Mohd Khairil buries ghost of SEA Games past

SINGAPORE: Two years ago, he lost the bronze after being disqualified for “floating” – just 200m away from the finish line.

Source: Mohd Khairil buries ghost of SEA Games past

By Aftar Singh

National walker Mohd Khairil Harith Harun is all smiles after winning the bronze in the men's 20km race at the Singapore SEA Games on Saturday. - FAIHAN GHANI/ The STAR
National walker Mohd Khairil Harith Harun is all smiles after winning the bronze in the men’s 20km race at the Singapore SEA Games on Saturday. – FAIHAN GHANI/ The STAR

SINGAPORE: Two years ago, he lost the bronze after being disqualified for “floating” – just 200m away from the finish line.

On Saturday, Mohd Khairil Harith Harun buried the ghost of the Myanmar SEA Games disaster, and got his reward at the Singapore Games.

The Kelantan-born athlete won the bronze in the men’s 20km walk after clocking 1’40:56 at the East Coast Park. It was way off his personal best of 1’29:40 for the 10-lap race.

Eight athletes took part in the event and Indonesia’s Hendro retained the gold in 1’34:22 while Vietnam’s Vo Xuan Vinh took silver in 1’38:37.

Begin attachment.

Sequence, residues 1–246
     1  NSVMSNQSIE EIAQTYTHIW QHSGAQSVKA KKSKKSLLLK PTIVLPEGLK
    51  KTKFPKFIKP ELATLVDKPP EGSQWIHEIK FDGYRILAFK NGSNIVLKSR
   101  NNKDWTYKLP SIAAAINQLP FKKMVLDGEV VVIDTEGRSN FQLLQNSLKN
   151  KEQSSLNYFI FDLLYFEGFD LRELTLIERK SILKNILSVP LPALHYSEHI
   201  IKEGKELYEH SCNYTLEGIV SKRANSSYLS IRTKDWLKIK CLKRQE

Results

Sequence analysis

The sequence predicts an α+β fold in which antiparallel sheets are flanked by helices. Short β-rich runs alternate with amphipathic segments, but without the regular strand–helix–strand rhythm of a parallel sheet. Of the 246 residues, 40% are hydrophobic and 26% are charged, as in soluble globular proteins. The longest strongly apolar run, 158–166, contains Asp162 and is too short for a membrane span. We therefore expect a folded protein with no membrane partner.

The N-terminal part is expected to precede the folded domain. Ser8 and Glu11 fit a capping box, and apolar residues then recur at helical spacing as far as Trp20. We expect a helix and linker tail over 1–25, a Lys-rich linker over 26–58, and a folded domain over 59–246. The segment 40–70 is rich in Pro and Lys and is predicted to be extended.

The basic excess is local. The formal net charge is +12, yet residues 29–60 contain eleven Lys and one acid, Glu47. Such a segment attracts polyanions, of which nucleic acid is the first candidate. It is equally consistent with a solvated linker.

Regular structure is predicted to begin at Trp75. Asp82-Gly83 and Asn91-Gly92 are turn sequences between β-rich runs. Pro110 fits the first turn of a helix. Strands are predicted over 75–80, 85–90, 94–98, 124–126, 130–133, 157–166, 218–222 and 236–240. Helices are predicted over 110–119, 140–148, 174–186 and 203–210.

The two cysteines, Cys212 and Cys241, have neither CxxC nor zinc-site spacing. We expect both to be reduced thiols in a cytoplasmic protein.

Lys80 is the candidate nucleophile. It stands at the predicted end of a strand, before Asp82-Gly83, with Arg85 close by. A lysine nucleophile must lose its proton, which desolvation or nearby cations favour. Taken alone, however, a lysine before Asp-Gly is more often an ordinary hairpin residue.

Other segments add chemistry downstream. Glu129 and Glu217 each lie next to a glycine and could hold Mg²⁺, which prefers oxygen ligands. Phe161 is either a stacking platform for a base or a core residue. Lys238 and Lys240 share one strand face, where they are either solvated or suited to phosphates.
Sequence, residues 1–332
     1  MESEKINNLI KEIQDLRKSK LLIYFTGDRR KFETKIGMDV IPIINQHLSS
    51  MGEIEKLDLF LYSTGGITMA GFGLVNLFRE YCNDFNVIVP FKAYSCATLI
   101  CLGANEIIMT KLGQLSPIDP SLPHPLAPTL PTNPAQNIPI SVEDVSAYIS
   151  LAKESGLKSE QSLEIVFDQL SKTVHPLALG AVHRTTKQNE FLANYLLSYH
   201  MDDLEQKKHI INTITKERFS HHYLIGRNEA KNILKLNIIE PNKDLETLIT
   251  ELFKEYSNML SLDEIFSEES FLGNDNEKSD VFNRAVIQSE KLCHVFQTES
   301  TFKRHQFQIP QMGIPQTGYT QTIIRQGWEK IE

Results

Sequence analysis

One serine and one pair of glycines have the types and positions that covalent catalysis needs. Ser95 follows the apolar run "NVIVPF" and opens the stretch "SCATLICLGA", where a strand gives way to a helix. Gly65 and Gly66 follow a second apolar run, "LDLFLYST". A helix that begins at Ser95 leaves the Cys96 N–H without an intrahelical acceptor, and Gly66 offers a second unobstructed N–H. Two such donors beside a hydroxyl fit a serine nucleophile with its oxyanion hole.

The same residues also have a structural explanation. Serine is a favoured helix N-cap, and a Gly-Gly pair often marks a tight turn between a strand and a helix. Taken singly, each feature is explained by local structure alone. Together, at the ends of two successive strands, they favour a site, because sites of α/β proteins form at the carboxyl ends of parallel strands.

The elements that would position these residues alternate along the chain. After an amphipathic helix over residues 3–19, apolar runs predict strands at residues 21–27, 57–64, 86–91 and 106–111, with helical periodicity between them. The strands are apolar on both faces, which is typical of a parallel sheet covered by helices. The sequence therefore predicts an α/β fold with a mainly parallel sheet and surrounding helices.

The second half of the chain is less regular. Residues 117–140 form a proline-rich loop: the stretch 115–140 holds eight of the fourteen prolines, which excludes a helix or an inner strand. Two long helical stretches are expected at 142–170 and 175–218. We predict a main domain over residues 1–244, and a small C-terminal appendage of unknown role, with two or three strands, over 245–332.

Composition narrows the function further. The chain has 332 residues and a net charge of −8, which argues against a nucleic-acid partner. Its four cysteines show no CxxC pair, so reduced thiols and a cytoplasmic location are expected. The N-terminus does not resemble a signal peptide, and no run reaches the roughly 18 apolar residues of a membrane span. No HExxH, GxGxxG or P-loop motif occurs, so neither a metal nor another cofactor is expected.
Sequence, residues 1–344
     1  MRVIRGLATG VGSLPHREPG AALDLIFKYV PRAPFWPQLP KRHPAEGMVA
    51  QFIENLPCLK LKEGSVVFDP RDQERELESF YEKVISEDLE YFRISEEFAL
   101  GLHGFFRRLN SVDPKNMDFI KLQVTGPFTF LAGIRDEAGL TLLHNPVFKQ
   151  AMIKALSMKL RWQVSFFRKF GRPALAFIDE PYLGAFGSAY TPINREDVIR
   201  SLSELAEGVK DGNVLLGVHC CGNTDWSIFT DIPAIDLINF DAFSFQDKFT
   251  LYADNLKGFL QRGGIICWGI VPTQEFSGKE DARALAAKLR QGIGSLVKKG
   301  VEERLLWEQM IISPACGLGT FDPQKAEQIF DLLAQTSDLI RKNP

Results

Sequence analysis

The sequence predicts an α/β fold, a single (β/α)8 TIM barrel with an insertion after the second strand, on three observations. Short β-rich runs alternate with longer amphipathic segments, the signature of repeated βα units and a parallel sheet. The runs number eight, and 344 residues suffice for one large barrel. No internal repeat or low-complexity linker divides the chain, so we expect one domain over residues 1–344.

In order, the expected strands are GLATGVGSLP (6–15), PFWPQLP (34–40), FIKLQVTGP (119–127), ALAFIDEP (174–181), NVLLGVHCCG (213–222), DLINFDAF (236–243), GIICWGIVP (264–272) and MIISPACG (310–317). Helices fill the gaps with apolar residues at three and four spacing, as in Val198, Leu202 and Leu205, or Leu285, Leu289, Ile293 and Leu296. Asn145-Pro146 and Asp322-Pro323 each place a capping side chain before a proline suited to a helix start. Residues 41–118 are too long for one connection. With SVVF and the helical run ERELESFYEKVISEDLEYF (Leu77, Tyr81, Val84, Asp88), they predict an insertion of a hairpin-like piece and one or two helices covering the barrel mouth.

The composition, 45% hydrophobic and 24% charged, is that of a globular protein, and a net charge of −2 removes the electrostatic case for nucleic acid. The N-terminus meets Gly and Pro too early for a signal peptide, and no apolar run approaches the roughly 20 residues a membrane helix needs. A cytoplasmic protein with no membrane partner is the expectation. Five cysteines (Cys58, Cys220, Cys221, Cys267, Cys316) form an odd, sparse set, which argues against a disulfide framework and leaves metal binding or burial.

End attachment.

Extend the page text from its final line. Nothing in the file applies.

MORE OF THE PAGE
Khairil also had the satisfaction of achieving the bronze in front of his coach A. Subramaniam, who paid his own way to Singapore.

The 23-year-old Khairil was relieved for his first Games medal – but not his time.

“It was more than 11 minutes slower than my personal best. Anyway, I’m glad I won the medal for my coach Subramaniam … he was excluded from the SEA Games contingent at the last minute,” said Khairil.

Subramaniam was pleased for Khairil.

“I’m happy that Khairil won the bronze. He is only 23 … with more training and competitions, he can do much better at the KL SEA Games in 2017,” said Subramaniam.

Six competitors featured in the women’s 20km walk and Malaysia’s Elena Goh clocked a poor 1’51.26 to finish fourth on her debut. Her personal best is 1’42:55.

Vietnam’s Nguyen Thi Thanh Phuc (1’45:19) took gold and Myanmar’s Soe Than Than (1’46.59) the silver. Vietnam’s Phan Thi Bich Ha (1’48.22) settled for bronze.